October is breast cancer awareness month, and it is also the month where all stores are selling pink merchandise that will help fund breast cancer research. However, it is important that we do not get so distracted by supporting breast cancer research that we forget to take the appropriate measures to prevent breast cancer.
Luckily, breast cancer is completely treatable if detected early. Recent advances in medical sciences and health facilities has led to an increase in the number of international JCI- certified hospitals for breast cancer treatment which have both expertise and the infrastructure required to treat the disease. Below are some tips on what you can do to ensure optimum health and be aware of your body to help prevent and treat breast cancer.
1. Breast Self-Examination (BSE)
It is important that you are aware of what your healthy breasts look and feel like, no matter what your age is. From about age 20, you should give yourself a self-examination once a month, and immediately report any changes to your gynecologist. The best time to give yourself an exam is when your breasts are not tender or swollen, as it will be less uncomfortable and easier to get to know what your healthy breasts feel like. Take a look at the American Cancer Society’s guide on how to do a BSE.
Regular exercise has been found not only to help prevent breast cancer, but it has also been shown to be effective in improving overall health and quality of life of breast cancer patients and survivors. A recent study was conducted that showed that women who had very active lifestyles (more than 42 hours a week of activity overall) had a 25% lower risk of breast cancer than those who only exercised between 0 and 7 hours a week. Keep in mind that these studies included all type of physical activity, not only the time dedicated to jogging or going to the gym. The most important thing to remember is that any level of increase of physical exercise compared to your current level is going to help you reduce your risk of breast cancer. One study showed that as little as 1 ¼ to 2 ½ hours a week of brisk walking can reduce your risk by up to 18%!
3. Avoid Over-drinking and Smoking
While some studies on this seem conflicting, the overall conclusion is that with an increase in daily alcohol consumption, your risk for breast cancer also increases. One study showed that a possible mechanism for this is the increase in alcohol consumption, particularly in post-menopausal women, also increases the woman’s levels of certain hormones, a misbalance of which can increase breast cancer risk. Any level of smoking, on the other hand, whether passive or active, has shown to cause a very significant increase in breast cancer risk. Smoking 1-9 cigarettes per day more than doubles your breast cancer risk, while smoking more than 20 cigarettes per day can increase your risk of breast cancer by almost five times. If you want to quit, you can take baby steps doing it by using those vaping devices. It has been observed that it’s a healthier option and is a very good way to kick out the habit of smoking.
4. Talk to Your Doctor About Birth Control
Studies have shown that taking birth control can double your risk of breast cancer if you are not currently taking birth control. However, oral contraceptives can also have a protective effect in protecting you from certain ovarian and cervical cancers. Remember that there are many other factors involved in breast cancer risk that you should discuss with your doctor before you start or stop any oral contraceptive regimen.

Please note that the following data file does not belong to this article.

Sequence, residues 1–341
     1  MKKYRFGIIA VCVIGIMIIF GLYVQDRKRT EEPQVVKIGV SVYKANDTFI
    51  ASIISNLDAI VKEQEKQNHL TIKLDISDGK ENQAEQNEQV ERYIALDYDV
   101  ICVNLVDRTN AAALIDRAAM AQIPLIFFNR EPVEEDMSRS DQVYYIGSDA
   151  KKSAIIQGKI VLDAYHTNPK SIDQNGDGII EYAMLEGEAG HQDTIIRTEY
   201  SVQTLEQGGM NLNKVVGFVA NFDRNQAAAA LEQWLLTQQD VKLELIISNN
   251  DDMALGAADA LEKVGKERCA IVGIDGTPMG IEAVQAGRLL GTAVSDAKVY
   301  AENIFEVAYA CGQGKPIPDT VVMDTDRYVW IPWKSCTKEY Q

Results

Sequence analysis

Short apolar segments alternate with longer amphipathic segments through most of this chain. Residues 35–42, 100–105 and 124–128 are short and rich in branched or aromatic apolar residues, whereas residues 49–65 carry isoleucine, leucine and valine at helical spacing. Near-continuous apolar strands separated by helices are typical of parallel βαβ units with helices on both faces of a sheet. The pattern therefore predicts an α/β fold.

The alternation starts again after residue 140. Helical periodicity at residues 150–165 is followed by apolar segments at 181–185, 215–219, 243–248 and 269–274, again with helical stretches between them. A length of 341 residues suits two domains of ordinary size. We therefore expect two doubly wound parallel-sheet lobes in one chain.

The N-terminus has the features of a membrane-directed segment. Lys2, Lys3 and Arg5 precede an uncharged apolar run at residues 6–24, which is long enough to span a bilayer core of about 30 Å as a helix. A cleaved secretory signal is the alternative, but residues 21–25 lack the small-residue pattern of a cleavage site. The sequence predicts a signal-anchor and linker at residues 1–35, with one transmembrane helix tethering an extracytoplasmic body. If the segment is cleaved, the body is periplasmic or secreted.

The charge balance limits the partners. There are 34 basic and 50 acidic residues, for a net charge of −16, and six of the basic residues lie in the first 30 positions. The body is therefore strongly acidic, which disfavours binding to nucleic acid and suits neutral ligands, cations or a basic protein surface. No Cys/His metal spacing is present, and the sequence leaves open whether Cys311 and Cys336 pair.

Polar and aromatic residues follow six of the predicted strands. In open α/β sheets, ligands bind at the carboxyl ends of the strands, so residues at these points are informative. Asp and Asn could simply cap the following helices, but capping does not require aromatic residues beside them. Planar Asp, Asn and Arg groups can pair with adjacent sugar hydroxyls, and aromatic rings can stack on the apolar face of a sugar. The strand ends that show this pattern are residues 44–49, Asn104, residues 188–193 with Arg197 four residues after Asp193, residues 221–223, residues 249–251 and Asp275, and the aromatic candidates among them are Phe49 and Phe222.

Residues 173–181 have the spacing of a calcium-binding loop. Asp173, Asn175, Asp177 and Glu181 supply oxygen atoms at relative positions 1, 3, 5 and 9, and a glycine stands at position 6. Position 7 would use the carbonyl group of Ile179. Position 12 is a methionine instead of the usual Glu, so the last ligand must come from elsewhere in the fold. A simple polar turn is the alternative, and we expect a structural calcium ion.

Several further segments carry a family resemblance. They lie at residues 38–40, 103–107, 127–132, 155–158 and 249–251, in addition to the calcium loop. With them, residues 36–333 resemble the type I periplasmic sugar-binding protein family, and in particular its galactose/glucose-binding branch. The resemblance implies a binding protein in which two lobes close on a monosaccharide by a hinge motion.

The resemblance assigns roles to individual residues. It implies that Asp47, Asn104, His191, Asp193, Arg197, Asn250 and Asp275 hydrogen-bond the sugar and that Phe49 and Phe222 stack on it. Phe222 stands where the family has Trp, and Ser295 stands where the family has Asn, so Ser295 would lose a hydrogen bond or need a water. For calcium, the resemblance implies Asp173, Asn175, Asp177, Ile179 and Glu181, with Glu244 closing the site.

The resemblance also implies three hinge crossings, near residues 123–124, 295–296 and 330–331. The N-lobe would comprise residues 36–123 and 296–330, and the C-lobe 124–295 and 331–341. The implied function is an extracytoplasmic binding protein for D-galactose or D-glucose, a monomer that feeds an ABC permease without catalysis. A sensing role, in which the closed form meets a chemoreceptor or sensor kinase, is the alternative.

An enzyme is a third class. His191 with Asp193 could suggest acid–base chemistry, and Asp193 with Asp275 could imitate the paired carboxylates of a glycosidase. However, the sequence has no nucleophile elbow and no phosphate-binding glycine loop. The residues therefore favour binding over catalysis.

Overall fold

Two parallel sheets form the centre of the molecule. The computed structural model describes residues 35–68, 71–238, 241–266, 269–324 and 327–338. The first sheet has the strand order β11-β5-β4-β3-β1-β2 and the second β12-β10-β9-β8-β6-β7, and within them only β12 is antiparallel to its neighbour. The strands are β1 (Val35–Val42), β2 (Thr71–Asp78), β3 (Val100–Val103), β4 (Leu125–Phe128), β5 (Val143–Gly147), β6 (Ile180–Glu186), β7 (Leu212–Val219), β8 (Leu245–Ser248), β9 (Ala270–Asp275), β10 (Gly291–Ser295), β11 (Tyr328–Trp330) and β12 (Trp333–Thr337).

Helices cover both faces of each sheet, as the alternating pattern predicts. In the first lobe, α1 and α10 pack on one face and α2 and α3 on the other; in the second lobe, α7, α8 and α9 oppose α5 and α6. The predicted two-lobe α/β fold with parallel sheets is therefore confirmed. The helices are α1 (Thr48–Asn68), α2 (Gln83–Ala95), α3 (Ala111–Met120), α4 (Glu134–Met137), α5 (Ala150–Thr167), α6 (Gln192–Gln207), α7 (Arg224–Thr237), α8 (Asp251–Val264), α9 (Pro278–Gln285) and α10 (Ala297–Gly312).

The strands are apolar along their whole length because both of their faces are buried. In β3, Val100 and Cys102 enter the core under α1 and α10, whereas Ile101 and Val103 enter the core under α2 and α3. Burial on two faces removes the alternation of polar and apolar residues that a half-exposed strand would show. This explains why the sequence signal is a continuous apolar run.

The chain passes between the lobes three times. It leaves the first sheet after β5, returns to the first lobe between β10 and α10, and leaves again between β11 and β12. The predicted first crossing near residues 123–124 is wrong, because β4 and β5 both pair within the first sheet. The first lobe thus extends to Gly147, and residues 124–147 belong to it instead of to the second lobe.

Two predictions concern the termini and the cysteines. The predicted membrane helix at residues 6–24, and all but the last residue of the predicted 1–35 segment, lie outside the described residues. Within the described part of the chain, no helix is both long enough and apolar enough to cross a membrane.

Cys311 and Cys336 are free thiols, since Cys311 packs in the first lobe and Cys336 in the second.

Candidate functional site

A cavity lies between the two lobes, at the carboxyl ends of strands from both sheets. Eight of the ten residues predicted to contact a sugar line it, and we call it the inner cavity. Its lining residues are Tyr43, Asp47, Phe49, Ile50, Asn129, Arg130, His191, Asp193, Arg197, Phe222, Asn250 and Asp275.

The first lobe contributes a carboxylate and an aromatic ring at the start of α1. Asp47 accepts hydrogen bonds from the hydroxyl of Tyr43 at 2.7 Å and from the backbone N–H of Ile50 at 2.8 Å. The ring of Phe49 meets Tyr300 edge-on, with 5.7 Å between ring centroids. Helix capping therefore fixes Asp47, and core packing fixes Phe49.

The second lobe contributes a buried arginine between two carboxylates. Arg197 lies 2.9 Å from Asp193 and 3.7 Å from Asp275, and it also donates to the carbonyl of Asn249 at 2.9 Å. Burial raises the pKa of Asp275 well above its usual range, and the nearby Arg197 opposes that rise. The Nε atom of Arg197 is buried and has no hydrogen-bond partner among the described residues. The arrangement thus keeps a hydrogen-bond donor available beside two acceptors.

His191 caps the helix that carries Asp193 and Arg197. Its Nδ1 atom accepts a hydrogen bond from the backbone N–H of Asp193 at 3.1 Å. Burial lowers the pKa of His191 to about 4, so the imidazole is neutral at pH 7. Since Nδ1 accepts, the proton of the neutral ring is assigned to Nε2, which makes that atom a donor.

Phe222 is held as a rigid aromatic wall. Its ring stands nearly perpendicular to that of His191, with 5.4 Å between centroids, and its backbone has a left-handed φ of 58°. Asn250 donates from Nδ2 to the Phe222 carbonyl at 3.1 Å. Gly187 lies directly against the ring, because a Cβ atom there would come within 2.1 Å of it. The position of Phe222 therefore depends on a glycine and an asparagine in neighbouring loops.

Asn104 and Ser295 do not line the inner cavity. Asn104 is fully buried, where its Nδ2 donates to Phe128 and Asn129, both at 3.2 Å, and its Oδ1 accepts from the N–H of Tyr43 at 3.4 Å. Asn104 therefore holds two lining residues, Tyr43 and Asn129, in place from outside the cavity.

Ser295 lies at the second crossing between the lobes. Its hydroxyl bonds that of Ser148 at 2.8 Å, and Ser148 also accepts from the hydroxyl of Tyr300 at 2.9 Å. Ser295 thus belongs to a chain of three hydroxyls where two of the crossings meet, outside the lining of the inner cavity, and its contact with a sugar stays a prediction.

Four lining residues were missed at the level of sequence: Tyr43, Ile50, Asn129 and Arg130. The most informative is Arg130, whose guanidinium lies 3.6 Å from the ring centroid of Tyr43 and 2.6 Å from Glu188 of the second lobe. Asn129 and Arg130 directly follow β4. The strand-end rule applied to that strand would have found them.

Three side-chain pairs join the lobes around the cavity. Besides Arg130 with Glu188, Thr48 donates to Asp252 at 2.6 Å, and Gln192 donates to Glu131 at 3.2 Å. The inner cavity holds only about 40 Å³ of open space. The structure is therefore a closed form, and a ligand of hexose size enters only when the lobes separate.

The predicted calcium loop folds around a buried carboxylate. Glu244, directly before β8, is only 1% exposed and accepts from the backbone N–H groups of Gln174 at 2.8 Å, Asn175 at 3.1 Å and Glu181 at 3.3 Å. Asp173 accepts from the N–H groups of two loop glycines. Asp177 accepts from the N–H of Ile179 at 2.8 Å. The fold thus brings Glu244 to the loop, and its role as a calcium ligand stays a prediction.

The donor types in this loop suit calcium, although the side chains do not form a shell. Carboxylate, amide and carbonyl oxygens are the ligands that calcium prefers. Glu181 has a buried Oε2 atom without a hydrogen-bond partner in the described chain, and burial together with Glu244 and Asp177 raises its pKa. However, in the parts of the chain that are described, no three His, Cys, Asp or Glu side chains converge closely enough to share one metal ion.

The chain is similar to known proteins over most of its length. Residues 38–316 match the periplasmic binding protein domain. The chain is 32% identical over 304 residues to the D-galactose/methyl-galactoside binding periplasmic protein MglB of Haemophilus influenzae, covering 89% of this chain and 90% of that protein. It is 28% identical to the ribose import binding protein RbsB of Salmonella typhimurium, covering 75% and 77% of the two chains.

5. Maintaining a Healthy Weight
The Women’s Health Initiative carried out an important study that showed that obesity in post-menopausal women has an elevated risk of breast cancer. A change in body-mass index from age 18 was also associated with post-menopausal breast cancer. Even if you are a long way away from reaching menopause, remember that habits can start and stick at any age, whether healthy or unhealthy, which means that having a healthy lifestyle today will result in a healthier lifestyle tomorrow.
Studies show that breastfeeding has shown to have a protective effect against breast cancer particularly if you breast feed for at least 16 months. These results were shown again in a study done with women in Germany, which found the protective effect was greater in women who were over 25 when they first breastfed and in women who experienced full-term pregnancies. With the rise of formula use for newborns, these studies show that breastfeeding isn’t only beneficial for the babies, but also for the mommies.
7. Good Nutrition
Ensuring you are eating healthy is related to three of the factors mentioned above (exercise, avoiding alcohol and maintaining a healthy weight) which will help reduce your risk of breast cancer. However, good nutrition as an independent behavior will help fight breast cancer as well. Certain foods containing omega-3 fatty acids may have a protective effect against breast cancer, as well as those containing high amounts of anti-oxidants. Making sure that you are eating the right amount of energy food for your age, height, weight and having high activity level are important keys in ensuring a good nutritional balance for your breast cancer prevention. Breast cancer is very complicated, and there is no sure way to prevent it. In addition, there are also other factors, like family history and genes, which can have a strong influence on breast health. However, there are many lifestyle factors, like those mentioned above, which can help keep your body – and your girls—healthy. Make sure to get your yearly check-up with your OB/GYN and talk to him or her before taking up any new life-altering regimen.
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